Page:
Converted from paper version of the Broad Ripple Gazette (v16n13)
Right in my Own Backyard - Let the Fireworks Begin - by Brandt Carter
posted: Jun. 28, 2019
Let the Fireworks Begin
July means fireworks. The "oohs" and "aahs" of crowds gathering to watch aerial extravaganzas, whether set to music or not, are irrepressible as the night sky fills with these great distractions from the summer heat.
Celebrating events with fireworks is a centuries-old practice. We have the Chinese to thank for inventing the creative pyrotechnic art form thousands of years ago. History maintains that around 200 B.C. someone in China threw a piece of bamboo into a fire, causing an explosion. Thus began a quest to harness the explosive phenomenon. Between 600-900 A.D., tinkers invented gunpowder, and the art of fireworks followed. In the 15th and 16th centuries, Italians became known for making aerial shell fireworks that exploded into bursts of gold and silver sparks. As early as the 1600s, there is mention of fireworks in the Americas. One year after the signing of the Declaration of Independence, the First Independence Day celebration included fireworks in 1777. Thus was born a tradition that remains strong today.
Fireworks have a natural way of bringing people together. From backyard barbeques to city-wide celebrations and from a handful of explosives to hour-long displays, fireworks stir the spirit of their audiences. Even the most cynical among us can become captivated by the spectacle.
Taken at the Ravenswood fireworks show.
Having long wondered about what names different pyrotechnic explosives might have, I recently did research. Here are a few that may help you identify fireworks at the next display you see. Peony, the most common shell type, is a spherical break of colored stars that burn without a tail effect. Chrysanthemum is a spherical break with a colored starburst, its stars leaving a visible trail of sparks. Dahlia breaks round and then has stars that travel a longer distance from the shell-break before burning out. Some dahlia shells are cylindrical rather than spherical to allow for larger stars. Willow is similar to a chrysanthemum but has long-burning silver or gold stars that spread like a weeping willow.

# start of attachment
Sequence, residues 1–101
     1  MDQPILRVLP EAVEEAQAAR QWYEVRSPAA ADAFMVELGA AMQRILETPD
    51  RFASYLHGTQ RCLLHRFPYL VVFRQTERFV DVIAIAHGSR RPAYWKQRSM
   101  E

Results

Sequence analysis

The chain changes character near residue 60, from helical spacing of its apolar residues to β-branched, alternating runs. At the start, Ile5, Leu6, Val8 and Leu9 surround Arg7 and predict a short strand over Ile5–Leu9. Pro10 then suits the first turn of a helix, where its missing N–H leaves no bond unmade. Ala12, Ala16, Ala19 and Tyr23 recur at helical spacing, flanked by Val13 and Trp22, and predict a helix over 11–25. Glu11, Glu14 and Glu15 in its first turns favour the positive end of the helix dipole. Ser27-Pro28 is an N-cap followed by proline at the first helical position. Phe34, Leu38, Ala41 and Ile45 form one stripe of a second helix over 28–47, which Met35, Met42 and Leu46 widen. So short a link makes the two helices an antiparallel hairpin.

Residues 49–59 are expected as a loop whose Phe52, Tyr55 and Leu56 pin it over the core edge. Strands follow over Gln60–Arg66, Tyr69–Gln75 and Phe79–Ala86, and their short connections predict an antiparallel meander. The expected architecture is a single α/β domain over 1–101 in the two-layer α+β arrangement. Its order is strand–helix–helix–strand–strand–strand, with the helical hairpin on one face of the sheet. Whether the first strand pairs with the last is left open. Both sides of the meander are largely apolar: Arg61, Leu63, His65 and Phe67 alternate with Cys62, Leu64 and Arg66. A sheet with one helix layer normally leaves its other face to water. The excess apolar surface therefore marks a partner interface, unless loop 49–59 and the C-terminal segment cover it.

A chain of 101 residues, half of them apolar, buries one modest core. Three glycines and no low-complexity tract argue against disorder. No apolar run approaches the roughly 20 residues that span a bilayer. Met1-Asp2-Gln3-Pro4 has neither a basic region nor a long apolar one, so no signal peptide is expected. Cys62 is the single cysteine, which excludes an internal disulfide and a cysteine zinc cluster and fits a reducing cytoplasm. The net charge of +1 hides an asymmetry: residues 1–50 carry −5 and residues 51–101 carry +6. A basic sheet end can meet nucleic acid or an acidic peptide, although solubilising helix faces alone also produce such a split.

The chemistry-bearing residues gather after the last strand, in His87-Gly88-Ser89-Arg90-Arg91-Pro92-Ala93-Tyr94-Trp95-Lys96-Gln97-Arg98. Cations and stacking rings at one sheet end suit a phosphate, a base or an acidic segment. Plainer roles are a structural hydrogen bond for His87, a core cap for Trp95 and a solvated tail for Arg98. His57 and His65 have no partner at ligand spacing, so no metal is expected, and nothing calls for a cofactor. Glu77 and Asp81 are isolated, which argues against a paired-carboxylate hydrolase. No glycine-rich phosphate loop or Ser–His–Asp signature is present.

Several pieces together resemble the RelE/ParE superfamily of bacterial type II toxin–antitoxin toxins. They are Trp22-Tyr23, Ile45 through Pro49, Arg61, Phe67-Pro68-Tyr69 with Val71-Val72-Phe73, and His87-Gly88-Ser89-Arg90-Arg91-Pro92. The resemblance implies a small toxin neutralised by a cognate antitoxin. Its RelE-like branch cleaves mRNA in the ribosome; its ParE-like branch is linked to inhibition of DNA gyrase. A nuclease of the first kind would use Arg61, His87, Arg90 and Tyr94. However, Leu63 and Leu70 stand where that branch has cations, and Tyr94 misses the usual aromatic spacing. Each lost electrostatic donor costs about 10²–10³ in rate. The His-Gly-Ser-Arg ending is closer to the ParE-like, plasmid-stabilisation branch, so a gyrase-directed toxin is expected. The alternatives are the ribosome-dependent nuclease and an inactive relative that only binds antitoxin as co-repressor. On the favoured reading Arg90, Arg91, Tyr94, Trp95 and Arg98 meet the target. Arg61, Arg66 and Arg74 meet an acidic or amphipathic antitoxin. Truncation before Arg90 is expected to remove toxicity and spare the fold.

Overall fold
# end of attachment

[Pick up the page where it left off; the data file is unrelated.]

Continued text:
Palm bursts with a few large comet stars and a thick, rising tail (like a tree trunk) so that the display suggests a palm tree. Sometimes color is inserted inside the palm burst to simulate coconuts. Ring, a shell exploding into a circular form, can feature faces, hearts, and clovers. Diadem is a type of Peony or Chrysanthemum with a center cluster of non-moving stars, normally with a contrasting color or effect. Kamuro looks like a boy's haircut - a dense burst of glittering silver or gold stars that leaves a heavy glitter trail. Crossette is a shell containing several large stars that travel a short distance before breaking apart into smaller stars.
My heart flutters when the sound explosives are fired be they Bangs that mimic gunshots or the Crackle, Hummer, and Whistle, which are created by the resonance of gas. All these seem to find their way into Ravenswood, Downtown Indy, and Ft. Harrison displays. Then there is our neighborhood. We are surrounded by backyard celebrations. We don't do fireworks because our dogs high-tail it to the closets and shake until there is at least an hour of silence. Note: It is wise to sequester dogs during fireworks. Many run in fear when subjected to the booms, hisses, and whirls of fireworks.
So now that fireworks season is upon us, enjoy, enjoy! Take to the outdoors and "ooh" and "ahh" with the best of them.